Election result in Iraq portends further political and social conflict

Iraq’s election last Saturday was marked by mass disaffection, poor official organisation and allegations of outright vote-rigging. No grouping of parties has won anywhere near the support needed to form government in the 329-seat parliament.

Nationally, just 44.52 percent of eligible voters cast a ballot, compared with turnouts of at least 60 percent in previous elections. In the capital Baghdad, participation barely reached 32 percent.

The outcome portends yet more political conflict in every region of Iraq, with class and social divisions emerging to the fore, after more than 15 years of devastation by the US and its allies.

Of the two million people forced from their homes since 2014 by the US-backed war against Islamic State of Iraq and Syria (ISIS), as few as 300,000 were even registered. The provinces most affected by the war were those with significant Sunni Muslim populations, such as Anbar in the west and Nineveh in the northwest. Those areas saw some of the lowest participation rates in the election.

In the three provinces of the autonomous Kurdish Region and the province of Kirkuk, parties opposed to the dominant Patriotic Union of Kurdistan (PUK) and its alleged nepotism are complaining of fraud and demanding new elections or a vote recount. Police have been set on demonstrators and violence may escalate.

The Shiite coalition headed by outgoing US-backed Prime Minister Haider al-Abadi, which had been predicted to win significant support, suffered a debacle. It won only 42 seats and will have to engage in weeks or even months of backroom negotiations to form a coalition that agrees to keep Abadi as prime minister.

A rival Shiite coalition headed by Nouri al-Maliki, who was pressured by Washington to resign as prime minister in 2014 after ISIS seized control of the country’s west and north, won just 25 seats.

The “Fatah” coalition headed by Hadi al-Amiri, won 47 seats to become the second-largest bloc in the parliament. Amiri heads the Badr Organisation, an Iranian-linked Shiite fundamentalist movement that gave the greatest support to the US occupation after 2003, alongside the PUK and other Kurdish nationalist parties.

Badr provided the personnel for US-trained Iraqi special forces death squads, which murdered tens of thousands of people suspected of opposing the occupation and supporting the former Baathist regime of Saddam Hussein.

From 2011-2012, Badr and other Shiite-based militias sent forces into Syria to fight alongside government troops against US-backed “rebels.” After ISIS entered Iraq in 2014, Badr supplied many of the militiamen who fought alongside US and Iraqi government troops. Amiri’s coalition won votes in the election, largely by promoting the role of its militia in defeating ISIS.

The largest bloc in the parliament, with 54 seats, will be the “Alliance of Revolutionaries for Reform.” This highly unstable grouping is led by the Sadrist movement that follows bourgeois nationalist cleric Moqtada al-Sadr and the Stalinist Iraqi Communist Party (CP). It won solid support in the working-class suburbs and slums of Baghdad and other major cities.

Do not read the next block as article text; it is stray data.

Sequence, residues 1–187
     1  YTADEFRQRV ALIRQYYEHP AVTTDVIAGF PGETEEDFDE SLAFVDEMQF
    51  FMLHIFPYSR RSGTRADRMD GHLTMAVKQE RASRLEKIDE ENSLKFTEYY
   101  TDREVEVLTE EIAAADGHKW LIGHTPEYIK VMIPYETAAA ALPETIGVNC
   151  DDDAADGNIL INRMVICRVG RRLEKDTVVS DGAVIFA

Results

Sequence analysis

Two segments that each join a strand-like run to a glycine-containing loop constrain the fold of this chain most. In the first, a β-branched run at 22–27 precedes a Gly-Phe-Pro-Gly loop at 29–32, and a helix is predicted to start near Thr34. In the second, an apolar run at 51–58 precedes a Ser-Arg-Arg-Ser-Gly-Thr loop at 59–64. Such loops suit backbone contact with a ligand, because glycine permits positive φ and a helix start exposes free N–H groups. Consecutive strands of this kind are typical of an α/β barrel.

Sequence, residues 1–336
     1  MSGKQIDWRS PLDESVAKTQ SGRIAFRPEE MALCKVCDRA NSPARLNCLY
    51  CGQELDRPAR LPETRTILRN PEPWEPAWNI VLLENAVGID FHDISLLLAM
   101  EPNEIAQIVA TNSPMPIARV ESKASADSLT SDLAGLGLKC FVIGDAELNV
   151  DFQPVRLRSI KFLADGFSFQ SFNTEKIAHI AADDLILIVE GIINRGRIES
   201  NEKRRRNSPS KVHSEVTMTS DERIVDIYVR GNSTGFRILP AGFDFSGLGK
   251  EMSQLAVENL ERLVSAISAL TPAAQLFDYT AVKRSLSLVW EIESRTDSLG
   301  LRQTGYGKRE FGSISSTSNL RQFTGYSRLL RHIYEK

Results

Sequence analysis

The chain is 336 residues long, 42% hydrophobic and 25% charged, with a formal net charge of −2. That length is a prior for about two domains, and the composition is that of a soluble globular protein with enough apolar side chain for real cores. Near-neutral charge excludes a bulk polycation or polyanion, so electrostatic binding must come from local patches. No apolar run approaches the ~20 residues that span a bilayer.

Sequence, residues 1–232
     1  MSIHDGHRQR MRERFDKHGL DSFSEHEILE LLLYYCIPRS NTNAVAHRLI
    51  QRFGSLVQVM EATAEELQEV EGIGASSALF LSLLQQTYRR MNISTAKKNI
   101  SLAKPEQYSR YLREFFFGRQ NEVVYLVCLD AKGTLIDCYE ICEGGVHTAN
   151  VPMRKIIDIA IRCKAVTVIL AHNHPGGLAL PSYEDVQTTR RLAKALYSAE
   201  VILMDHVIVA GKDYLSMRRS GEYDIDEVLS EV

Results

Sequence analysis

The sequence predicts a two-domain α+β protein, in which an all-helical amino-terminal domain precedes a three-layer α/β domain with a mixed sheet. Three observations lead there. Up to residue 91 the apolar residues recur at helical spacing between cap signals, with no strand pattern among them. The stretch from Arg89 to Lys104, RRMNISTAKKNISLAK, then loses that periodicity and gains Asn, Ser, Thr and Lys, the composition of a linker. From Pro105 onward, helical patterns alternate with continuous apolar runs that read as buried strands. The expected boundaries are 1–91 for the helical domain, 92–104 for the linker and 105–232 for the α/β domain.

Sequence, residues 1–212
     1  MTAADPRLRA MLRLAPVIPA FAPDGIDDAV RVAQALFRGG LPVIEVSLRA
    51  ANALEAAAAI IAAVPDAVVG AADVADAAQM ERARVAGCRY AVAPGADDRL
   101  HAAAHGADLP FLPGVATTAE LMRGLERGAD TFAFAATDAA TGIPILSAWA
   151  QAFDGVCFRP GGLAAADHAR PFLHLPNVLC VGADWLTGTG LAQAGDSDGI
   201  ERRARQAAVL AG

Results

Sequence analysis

The bloc is wracked by contradictions. The Iraqi CP, in line with its history of collaboration with imperialism, fully supported the 2003 US invasion and occupation. Sadr’s movement, which has its main base of support in the poorest working-class areas of Baghdad, initially opposed it. In 2004, Sadr called for armed resistance and his Mahdi Army suffered heavy losses in pitched battles with American and British forces in Baghdad, Basra, Najaf, Karbala, and other cities in the majority Shiite provinces of Iraq.

Sadr continued to verbally oppose the US occupation on Iraqi nationalist grounds but his movement turned to sectarian violence against Sunni-based forces in 2006. The Mahdi Army was blamed for some of the worst atrocities that forced a large proportion of the Sunni population of Baghdad to flee their homes into segregated cantons. After 2007, the Sadrists largely called off resistance and joined the jockeying for parliamentary power, including by taking ministries in the Shiite-dominated occupation governments at various times.

Sadr formed the alliance with the CP in 2016, based on seeking increased positions and privilege through common denunciations of the appalling poverty that faces the working class. Under conditions of growing US-Iranian tensions, Sadr also ramped up nationalist condemnations of Iran’s influence over the Shiite parties of Iraq, accusing Tehran of seeking to take over the country and its resources.

Outgoing Prime Minister Abadi has indicated he is prepared to hold talks with the Sadrist bloc over the formation of a new regime. Fatah, however, has said it opposes any role in the government for parties like the CP that advance a nominally secular perspective. This stance appears to be intended more to pressure Abadi and other political groupings to exclude the Sadrists and their anti-Iranian position.

It is entirely conceivable that US agencies will respond by encouraging a bloc between Abadi, Maliki and the Sadrists. While Sadr is presented in the establishment media as “anti-American,” he has demonstrated in the past his willingness to collaborate with the US to protect or advance the interests of the layer of the Shiite elite that he represents.

Under conditions in which the Trump administration has repudiated the 2015 nuclear accord with Iran and tensions are rising rapidly in the region, Washington may promote the Sadrists as a counterweight against Tehran’s influence within Iraq.